Many of the same people who condemn judgmentalism, are guilty of prideful over-sensitivity either towards themselves or others, or both.  While being ‘tolerant’ of another’s destructive behavior, words or thoughts, they are quick to hold a grudge or resent anyone who challenges their ideas or actions, or strives to hold them or another accountable for their words or actions.

God calls on us to recognize sin when we see it, disobedience and deviance to God’s way of life, to relationship and communion with Him.  In the Old Testament, God warned His people over and over to “put away the evil from among you” (e.g., Deut. 17).  In the New, the Commandments are repeatedly reiterated and all the works of the flesh are soundly condemned, and, if known, are not to be left undisciplined in the Church.

The sins which the Pharisee enumerates: extortion, adultery, injustice—are all evil, but God desires to forgive those who are guilty of these sins if they repent with a sincere heart—as does the Publican.  If God forgives one of our fellow human beings, created in His image, who are we to judge that brother or sister?  Who are we to condemn men generally.

The truth is that we must never condemn a sinner.  Rather, we’re called to strive for the healing from sin-sickness of ourselves and others, with our and their eternal salvation in view.  To stand by and do and say nothing while someone departs from God’s way or engages in behavior that separates them from God, or hurts themselves or others, is the opposite of true love.  On the contrary, it becomes our own shameful judgment and condemnation of that individual.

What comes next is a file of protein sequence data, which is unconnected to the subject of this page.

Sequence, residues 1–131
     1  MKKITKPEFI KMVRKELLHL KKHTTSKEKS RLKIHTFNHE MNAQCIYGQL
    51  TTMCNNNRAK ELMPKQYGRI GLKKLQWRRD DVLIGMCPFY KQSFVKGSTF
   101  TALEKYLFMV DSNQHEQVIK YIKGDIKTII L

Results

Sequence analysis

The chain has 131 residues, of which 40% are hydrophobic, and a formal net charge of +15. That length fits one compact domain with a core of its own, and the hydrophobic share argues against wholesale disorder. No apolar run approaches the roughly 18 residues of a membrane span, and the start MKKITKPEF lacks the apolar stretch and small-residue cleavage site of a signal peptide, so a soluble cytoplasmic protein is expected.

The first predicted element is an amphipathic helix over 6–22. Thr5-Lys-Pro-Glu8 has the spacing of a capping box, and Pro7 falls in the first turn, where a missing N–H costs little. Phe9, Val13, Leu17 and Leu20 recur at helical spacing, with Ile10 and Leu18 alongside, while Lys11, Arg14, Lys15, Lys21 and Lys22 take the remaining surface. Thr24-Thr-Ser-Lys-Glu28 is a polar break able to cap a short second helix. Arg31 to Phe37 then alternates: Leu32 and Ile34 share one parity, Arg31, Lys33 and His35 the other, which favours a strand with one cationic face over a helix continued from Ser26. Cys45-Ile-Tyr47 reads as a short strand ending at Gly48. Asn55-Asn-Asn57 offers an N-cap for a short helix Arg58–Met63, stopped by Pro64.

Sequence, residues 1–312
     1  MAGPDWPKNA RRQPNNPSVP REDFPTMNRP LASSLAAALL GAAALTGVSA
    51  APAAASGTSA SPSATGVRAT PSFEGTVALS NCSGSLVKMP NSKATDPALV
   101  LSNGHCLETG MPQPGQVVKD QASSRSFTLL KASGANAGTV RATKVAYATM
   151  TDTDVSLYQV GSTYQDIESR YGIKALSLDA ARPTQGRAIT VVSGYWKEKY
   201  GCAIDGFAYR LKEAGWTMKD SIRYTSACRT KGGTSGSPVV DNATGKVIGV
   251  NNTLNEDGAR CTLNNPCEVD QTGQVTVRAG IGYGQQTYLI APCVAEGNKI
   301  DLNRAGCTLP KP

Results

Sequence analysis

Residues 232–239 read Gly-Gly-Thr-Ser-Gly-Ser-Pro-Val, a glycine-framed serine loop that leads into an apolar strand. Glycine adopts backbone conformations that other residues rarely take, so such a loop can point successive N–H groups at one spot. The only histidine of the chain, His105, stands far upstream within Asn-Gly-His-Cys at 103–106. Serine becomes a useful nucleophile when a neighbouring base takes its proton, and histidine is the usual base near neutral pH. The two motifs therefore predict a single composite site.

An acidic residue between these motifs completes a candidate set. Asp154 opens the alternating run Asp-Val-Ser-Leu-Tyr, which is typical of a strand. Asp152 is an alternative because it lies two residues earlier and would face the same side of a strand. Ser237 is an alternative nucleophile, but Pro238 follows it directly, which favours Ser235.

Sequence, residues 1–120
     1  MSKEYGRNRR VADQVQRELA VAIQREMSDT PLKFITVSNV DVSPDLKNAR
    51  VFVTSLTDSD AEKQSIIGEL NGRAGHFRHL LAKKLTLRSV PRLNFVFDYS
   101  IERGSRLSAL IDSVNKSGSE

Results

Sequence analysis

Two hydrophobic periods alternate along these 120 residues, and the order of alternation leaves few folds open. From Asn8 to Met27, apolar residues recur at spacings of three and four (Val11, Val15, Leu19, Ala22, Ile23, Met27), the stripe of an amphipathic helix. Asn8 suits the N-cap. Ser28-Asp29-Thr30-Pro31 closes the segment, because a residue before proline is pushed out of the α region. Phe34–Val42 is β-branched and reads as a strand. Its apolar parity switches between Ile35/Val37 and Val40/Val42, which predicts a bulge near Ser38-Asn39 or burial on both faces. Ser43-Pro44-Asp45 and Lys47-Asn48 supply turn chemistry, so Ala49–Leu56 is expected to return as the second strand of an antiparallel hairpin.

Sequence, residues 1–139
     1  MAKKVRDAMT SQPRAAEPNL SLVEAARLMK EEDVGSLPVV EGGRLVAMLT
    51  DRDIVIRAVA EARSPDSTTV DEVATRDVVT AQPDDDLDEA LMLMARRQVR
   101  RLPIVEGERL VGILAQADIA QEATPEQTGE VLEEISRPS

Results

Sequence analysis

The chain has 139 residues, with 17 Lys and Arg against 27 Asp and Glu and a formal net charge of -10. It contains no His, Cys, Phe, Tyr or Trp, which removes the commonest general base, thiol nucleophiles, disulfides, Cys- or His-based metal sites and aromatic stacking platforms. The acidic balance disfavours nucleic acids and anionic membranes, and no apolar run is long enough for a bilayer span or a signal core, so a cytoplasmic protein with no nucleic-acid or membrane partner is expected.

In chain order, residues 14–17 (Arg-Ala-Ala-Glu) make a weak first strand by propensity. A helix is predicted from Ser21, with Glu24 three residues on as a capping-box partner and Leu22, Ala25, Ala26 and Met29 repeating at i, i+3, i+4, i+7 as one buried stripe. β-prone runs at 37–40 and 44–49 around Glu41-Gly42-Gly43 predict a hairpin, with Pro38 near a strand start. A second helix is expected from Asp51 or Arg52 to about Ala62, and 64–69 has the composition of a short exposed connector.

So why do we shrink back from holding others accountable, of challenging those in sin, of calling them to repentance?  Perhaps it’s our prideful fear of their or society’s disapproval; we fear man more than we fear God; we love ‘fitting in’ more than we truly love those around us, who are created in the image of God and called to healing and holiness with us.

It’s true that in confronting sin we may ourselves be judged, labeled, or find ourselves the recipient of an angry backlash no matter how much we strive to speak the truth in love.  We are reminded in today’s Epistle, that we should expect this; that such rejection and suffering for the sake of the Gospel is not only to be expected, but embraced as part of the cross of being a follower of Jesus Christ, part of loving our fellow man into the Kingdom of God.

As we look toward the start of the Lenten Fast, we do well to keep ourselves from judging those around us for how they fast or what they do.  We keep our focus on Christ and our own need for growth in humility.  At the same time, we speak the truth in love to those around us, we purge  ourselves of our own sins, and we refuse to be a party to the relativism and evil going on around us in our society, preferring instead to be a living witness of Christ’s love, power, healing, and glory, that others too may come to join us in our repentance, learn to die to the world, to live for Christ.